When it comes to television, it seems all eyes are on the mythical Apple “iTV.” But while the media focuses on the hype and hardware rumors, something else might be brewing right now that could wind up revolutionizing the television industry: Online alternatives to cable TV, like Hulu and Netflix, are increasingly delivering their own original content.

It’s almost like these big cheeses of streaming services, which have long suffered contentious programming deals, are giving the middle finger to the entertainment industry and saying, “Forget it! We’ll do it ourselves.” Not that they’re ditching deals with NBC, Fox, Comedy Central and the rest (at least for now), but they are clearly diversifying their offerings, hoping to rely less on these content partners. If these efforts succeed, it could completely change the way we get and consume entertainment programming across a variety of media.

On Tuesday, Hulu just launched a 13-episode series called Battleground, a new show that follows a U.S. Senate campaign set in Wisconsin, and it’s hunting for more. And Netflix recently rocked out Lilyhammer, an original series about a mobster and his trek to Norway, eight episodes of which are already live. In addition, the DVD and streaming giant began putting the pieces in place last year for a Kevin Spacey drama called House of Cards to debut later this year, and word has it, it’s also producing 13 episodes of Orange is the New Black, a comedy series from Weeds creator Jenji Kohan. The series will be based on the real-life story of a communications exec who was sent to a women’s prison on drug charges. Then there’s the highly anticipated return of Arrested Development via Netflix, slated for 2013.

These aren’t low-budget Internet projects put out by kids with a camcorder and some time to kill. These projects have production value, and have lined up professionals in the entertainment industry. There’s even a rumor that CBS is in talks to create programs for Netflix.

This reminds me of where HBO, AMC, Showtime and other channels were a little over a decade ago. Back then, they were solely in the business of dishing out titles from the movie studios. But eventually they realized they needed other projects that gave them more control and fleshed out their offerings, so they invested in exclusive content. We all know what happened after that — they broke out some game-changing shows like The Sopranos and Six Feet Under, which lead to current hits like True Blood, Game of Thrones, The Walking Dead, Dexter and Homeland. These are some of the best programs to ever grace the boob tube, and they have set a tone for others to come up with their own takes on “destination TV.” (Even TVLand has a hit on its hands with Hot in Cleveland.)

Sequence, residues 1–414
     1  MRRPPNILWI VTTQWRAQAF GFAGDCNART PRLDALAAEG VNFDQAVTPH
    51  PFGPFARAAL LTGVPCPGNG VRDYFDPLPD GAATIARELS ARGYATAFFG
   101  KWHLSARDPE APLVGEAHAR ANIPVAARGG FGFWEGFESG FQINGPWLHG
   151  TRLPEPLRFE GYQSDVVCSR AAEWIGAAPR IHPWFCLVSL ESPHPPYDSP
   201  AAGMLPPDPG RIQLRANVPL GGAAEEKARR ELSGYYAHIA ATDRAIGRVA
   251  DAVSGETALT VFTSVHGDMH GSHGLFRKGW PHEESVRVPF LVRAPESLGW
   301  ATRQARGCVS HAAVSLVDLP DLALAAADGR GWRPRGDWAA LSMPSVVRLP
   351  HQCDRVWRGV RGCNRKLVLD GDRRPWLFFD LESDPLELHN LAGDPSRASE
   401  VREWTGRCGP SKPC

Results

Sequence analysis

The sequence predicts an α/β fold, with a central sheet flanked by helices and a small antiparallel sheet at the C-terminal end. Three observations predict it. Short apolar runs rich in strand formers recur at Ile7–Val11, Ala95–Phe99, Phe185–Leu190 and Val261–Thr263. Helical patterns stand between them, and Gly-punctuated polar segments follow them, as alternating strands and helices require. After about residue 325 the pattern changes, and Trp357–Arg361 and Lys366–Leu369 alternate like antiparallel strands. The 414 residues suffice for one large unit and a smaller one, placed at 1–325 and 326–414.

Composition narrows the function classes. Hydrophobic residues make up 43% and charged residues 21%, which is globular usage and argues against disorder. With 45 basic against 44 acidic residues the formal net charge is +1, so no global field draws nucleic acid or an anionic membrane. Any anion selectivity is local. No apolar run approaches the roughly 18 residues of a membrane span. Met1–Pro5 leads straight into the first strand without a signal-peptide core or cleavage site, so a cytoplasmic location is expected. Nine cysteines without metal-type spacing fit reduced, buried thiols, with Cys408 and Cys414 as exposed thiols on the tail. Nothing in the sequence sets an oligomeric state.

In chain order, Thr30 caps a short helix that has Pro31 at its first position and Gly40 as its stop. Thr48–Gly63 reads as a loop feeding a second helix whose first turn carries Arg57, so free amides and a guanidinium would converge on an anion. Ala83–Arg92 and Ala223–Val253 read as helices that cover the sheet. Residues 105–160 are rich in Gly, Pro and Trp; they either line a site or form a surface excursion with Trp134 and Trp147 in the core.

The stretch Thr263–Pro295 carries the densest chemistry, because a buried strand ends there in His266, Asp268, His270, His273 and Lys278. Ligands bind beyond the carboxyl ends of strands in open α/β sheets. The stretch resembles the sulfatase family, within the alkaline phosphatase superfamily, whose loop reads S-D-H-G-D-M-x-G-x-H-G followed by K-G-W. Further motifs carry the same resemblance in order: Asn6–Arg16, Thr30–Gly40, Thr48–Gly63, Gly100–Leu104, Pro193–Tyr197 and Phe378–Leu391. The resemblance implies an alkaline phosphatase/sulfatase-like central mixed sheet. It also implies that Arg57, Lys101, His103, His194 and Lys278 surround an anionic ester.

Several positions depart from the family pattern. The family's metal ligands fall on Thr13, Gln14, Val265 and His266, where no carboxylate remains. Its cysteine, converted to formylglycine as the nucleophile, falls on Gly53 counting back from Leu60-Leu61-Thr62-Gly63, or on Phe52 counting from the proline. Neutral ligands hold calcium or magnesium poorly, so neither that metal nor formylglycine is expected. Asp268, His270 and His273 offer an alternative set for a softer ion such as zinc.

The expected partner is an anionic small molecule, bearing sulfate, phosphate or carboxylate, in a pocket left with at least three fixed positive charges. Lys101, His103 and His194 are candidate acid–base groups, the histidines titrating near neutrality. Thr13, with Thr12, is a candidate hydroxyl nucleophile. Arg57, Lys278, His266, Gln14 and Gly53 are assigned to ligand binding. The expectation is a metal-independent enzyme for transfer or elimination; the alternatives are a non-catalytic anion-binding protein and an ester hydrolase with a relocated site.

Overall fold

These days, among those taking the cue are Netflix and Hulu. This is a significant development for many reasons. It has been widely reported that Netflix sees HBO as a serious rival. Given that much of the former’s popularity relies on streaming these days, it’s a no-brainer that a heavy hitter like HBO streaming its own content to smartphones, tablets and Internet-connected set-top boxes would hit Netflix where it hurts. In December, CEO Reed Hastings even described HBO Go as “the competitor we fear most.” And it should. The cable channel has a serious value proposition on its hands with original programming, and its HBO Go app gives it new life in the streaming space. Add the fact that this massively popular content provider denies distribution via Netflix and Hulu, and that has to sting quite a bit.

But it’s not just HBO. Both streaming companies, which are the undisputed heavyweights in this space, have had their fair share of issues lining up or keeping content partners. So is it any wonder that they’re doing what many cable channels did years ago and turning to original programming?

Honestly, the time is ripe for them to strike. HBO and the others seem to be merely dipping a toe into streaming because they’re protecting relationships with cable TV providers who see the technolgy as a threat to their cable TV subscription model. But if the cable channels lose a sizable chunk of audience share due to professionally produced and critically acclaimed original streaming content, it could be just the thing that gets them to finally reevaluate their stale old models of TV distribution. At the least, they might treat streaming as more than just a side venture or hobby. Ideally, though, it may inspire changes across the entire TV distribution playing field.

In other words, this could be the kick in the pants that cable channels need to finally indulge more modern ways of delivering their content, including — gasp! — direct/individual subscriptions or online-only/app-only service plans.

At this point, I know it’s a bit early to peg a complete reinvention of television based on these early Internet-only offerings. But if the past is any indication, there’s potential here… if Netflix and Hulu can score some bona fide successes. If they can do that, they might finally spark the revolution that so many of us have been waiting for.

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